Thornton heads cast of locals

RYAN PYETTE -- London Free Press

, Last Updated: 9:37 AM ET

If imitation is the sincerest form of flattery, then the London area should be pumping out high-quality pros in no time.

After all, southwestern Ontario youth have the rare chance to look up to and identify with the NHL's top player and point producer -- St. Thomas native Joe Thornton.

In one of the real head-scratching trades in hockey history, Boston unloaded its star player and captain last year to San Jose, where Thornton ended up passing New York's Jaromir Jagr for the scoring title and league MVP.

Thornton (29 goals, 96 assists) was the first player in NHL history to win the Art Ross Trophy as scoring champion in the same season he was traded.

One guy who won't be dealt any time soon is Columbus forward Rick Nash. The former London Knight isn't likely to be an Art Ross candidate with the Blue Jackets, but he's always a threat to grab the Maurice Richard Trophy as the NHL's top goal-scorer -- a feat he's already accomplished in his brief pro career.

Because of the added importance of divisional play in today's NHL, Nash and teammate Dan Fritsche will get a good look at Central Division rival and old pal Dennis Wideman in St. Louis, Chicago rookie David Bolland and Londoner Jason Williams, one of the key cogs for a Detroit Red Wings resurgence.

Enjoying a regular shift on a scoring line and plenty of power-play time, Williams had a breakout year (21 goals, 58 points) and will be counted on for more offensive production with the retirement of captain Steve Yzerman and the departure of Brendan Shanahan to the New York Rangers.

The Detroit-Colorado rivalry has been muted lately, but a rekindling would include Williams and Avalanche forward Cody McCormick of Mt. Brydges. The 23-year-old had eight points in 45 games with the Avs last year.

The biggest news in Florida was the signing of bad-boy Todd Bertuzzi, but the Panthers won't restore much roar without fine blue-line play from Londoner Mike Van Ryn. The 27-year-old isn't being picked by many in a team web poll to lead in blocked shots, but he'll be on the ice against the opposition's top guys and in critical third-period situations.

Florida's defence must be stout without goalie Roberto Luongo, now in Vancouver. If that happens, the Panthers could again finish ahead of the Washington Capitals, who have ex-Knight Rico Fata in their mix but lost Belmont native Brian Willsie to free agency.

The 28-year-old Willsie, who had a career season (19 goals, 41 points) as teammate and roommate of Caps star Alexander Ovechkin, parlayed his play into a two-year deal with the Los Angeles Kings.

He joins ex-Knight Tom Kostopoulos and Londoner Scott Thornton, the 35-year-old cousin of Big Joe and longtime Shark who swam to another stop in California after his contract option was declined by San Jose.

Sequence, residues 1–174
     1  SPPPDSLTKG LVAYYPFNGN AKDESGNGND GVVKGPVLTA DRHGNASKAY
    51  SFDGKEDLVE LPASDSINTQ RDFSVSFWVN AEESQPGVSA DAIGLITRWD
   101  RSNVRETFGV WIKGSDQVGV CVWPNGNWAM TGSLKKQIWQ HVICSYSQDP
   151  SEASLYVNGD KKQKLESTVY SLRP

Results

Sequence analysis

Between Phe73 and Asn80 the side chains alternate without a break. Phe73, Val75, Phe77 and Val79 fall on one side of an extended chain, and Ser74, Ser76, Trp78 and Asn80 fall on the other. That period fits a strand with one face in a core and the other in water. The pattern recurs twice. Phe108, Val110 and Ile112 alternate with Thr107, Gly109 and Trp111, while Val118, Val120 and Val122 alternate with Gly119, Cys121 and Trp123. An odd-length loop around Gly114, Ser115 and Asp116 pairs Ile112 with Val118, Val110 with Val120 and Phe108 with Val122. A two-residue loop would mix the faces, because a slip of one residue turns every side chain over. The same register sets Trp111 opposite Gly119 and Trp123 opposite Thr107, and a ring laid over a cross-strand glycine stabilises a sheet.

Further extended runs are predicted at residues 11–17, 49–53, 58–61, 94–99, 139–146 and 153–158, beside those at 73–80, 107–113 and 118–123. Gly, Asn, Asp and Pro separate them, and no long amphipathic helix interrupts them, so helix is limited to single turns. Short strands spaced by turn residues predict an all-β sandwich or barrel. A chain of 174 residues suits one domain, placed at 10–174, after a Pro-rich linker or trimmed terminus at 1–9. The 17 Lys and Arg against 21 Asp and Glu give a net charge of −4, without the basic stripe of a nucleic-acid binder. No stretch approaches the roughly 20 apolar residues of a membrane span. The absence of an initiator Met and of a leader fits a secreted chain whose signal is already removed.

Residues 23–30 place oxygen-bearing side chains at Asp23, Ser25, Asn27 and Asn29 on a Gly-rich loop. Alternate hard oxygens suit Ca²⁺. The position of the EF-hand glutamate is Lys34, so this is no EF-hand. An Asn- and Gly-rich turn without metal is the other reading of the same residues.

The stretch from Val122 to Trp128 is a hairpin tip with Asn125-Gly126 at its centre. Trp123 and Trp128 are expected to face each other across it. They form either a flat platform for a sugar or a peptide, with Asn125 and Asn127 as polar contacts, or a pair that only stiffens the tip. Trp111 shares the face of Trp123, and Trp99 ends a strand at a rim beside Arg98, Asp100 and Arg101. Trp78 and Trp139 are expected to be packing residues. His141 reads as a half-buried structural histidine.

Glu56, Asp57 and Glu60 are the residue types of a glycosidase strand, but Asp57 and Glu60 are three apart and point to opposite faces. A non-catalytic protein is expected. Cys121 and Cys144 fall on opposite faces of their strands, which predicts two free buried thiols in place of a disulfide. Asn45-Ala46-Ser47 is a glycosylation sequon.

At least Scott Thornton doesn't have to keep hearing he's the oldest player on the youthful Sharks. Now he's the most advanced King by a couple months over ex-Flame Craig Conroy.

While Willsie and Thornton adjust to life in La-La land, Corey Perry will be in Orange County, trying to help the Anaheim (drop the Mighty and Disney affiliation) Ducks deal with expectations of Stanley Cup glory.

His old junior mates Rob Schremp and Danny Syvret, who are in tough to crack Londoner Craig MacTavish's deep Edmonton Oilers lineup throughout this season, got the chance to follow their team to the final last season. But it's Perry's squad that's expected to go all the way.

Perry had 13 goals and 25 points in 56 games with the big club, but the Ducks' career year from a guy around here belonged to Strathroy's Andy McDonald, the quick-skating forward who counted 34 goals and 85 points playing alongside the experienced Finnish Flash -- Teemu Selanne.

There's plenty of flash and dash to fellow Strathroy native and defenceman Brian Campbell's Buffalo Sabres. After a few seasons of youthful bumps and bruises, the new flow of the NHL held much benefit for Campbell and Co., who came within a game of a Stanley Cup final appearance.

The Sabres have new-look jerseys, but they'll be in tough for another long playoff run and even in tight for a postseason berth, especially with Philadelphia boasting young gun Jeff Carter of London and an improving Atlanta Thrashers team that includes former UWO star Steve Rucchin.

Ottawa, with former Knight Chris Kelly, will have a say in the East's final order. So should Montreal, and recent pickup Dan Jancevski, a former Knight blue-liner who was once traded with Kelly to Sudbury for Wideman.

No one expects much from the New York Islanders, who let former Knight defenceman John Erskine head to the Washington Capitals.

This area's link to the NHL continues to grow.


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